If the downstream speed of the river is at the difficult level, you should consider that the upstream level is two times as difficult. Most canoeing areas have been classified according to their difficulty level, making it easier to compare and decide where to start. They’re classified from easy to extremely difficult.
Gauge the Size and Shape of Your Canoe
Another factor that’ll make your upstream paddling better is investing in the right equipment for it. A narrow, longer boat will make this a better expedition, especially because of its streamlined nature, and this helps pierce the water and prevent drag while going upstream.
You’ll also find that single paddling is better and easier than two-person paddling. It’s for the last part of the adventure, and this will allow you to rest. Make upstream your first endeavor; at this point, you have the energy and excitement for it.
Paddling upstream engages your muscles, and with time you will find that it gets easier and easier.
Exploit the Eddies
Eddies are points where the water flows against the natural flow of the main current. They can be caused by an obstruction such as logs and debris. Experienced paddlers can spot these points and use them to their advantage.
Paddlers can use Eddies as a resting point before tackling the upstream paddling. Paddling upstream can be draining, and therefore being able to spot an Eddie can be an excellent move.
Watch Out for the Steepness of the Slope
The steeper the slope, the higher the water flows. Therefore, you should avoid sections with a higher velocity that you can’t handle. Beginners, especially, should avoid areas with steep slopes. Before heading out for your next canoe adventure, be sure to research the area you plan to cover.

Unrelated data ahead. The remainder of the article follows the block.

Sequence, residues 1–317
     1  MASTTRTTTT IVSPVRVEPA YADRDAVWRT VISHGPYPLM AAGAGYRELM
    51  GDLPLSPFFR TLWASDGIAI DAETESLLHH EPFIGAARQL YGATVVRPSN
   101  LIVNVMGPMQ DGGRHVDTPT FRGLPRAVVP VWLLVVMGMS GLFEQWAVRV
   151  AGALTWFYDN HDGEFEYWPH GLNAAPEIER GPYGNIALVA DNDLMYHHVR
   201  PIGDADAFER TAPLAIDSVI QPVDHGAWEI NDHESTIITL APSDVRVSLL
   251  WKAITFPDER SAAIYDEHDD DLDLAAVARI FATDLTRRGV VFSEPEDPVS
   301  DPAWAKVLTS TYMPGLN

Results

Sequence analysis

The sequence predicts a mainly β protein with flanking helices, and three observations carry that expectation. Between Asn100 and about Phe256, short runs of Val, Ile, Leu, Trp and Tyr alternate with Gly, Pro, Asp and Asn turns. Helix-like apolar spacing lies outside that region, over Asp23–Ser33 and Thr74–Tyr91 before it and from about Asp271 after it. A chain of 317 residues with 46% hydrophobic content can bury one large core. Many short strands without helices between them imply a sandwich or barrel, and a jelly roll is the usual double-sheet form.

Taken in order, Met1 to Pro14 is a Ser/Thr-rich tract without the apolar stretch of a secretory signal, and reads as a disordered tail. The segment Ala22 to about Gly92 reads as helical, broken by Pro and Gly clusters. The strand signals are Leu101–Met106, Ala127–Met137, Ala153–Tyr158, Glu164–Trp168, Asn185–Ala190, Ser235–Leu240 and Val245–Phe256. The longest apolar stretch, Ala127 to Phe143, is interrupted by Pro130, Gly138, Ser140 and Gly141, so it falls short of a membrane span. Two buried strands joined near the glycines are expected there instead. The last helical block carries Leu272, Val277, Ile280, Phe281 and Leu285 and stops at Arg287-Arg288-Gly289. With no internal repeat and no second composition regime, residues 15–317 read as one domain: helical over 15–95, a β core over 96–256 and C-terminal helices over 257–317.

Consider Your Fitness Level and Padding Skills
Another thing to consider in an upstream paddle is your fitness level. People who work out regularly may find it easy to start an upstream paddle, and it’s important to gauge your fitness level to know the upstream level to start with.
For a person who wants to undertake an upstream paddle, they must already have basic skills in paddling. Paddling upstream is way more engaging than paddling on flat water. Therefore, one has to have paddling skills before committing to this venture.
Pick the Right Paddle for the Job
Paddling upstream can be made easier with a good paddle choice. Getting a good paddle can be tricky since so many factors are at hand. One of the main factors that you can consider is the size of the blade.
Before you attempt to paddle upstream, make sure you get the right paddle for the job. You want to make sure that your paddle of choice suits your needs. Larger blades are great for several reasons, but they do have a few downsides. Considering their size, they can make paddling more tiring.
- Efficient paddling leverage
- More effective strokes
- Acceleration is faster
- More tiring
- Catches more wind
Paddles with smaller blades are also great, but like larger blades, smaller blades also have their downsides. While smaller blades don’t put too much pressure on the muscles, they require faster paddling.
- Easy on muscles
- Less resistance due to the small surface area
- A faster rhythm required
- Less power, making maneuverability difficult
For a successful upstream adventure, planning is the main factor to be considered. Planning makes the upstream paddling easy to enjoy. As an upstream paddler, you have to consider the foreseen problems that you can encounter. Having a piece of good knowledge on upstream paddling makes it less of a challenge in action.
Always keep in mind that paddling upstream is always tougher than paddling downstream.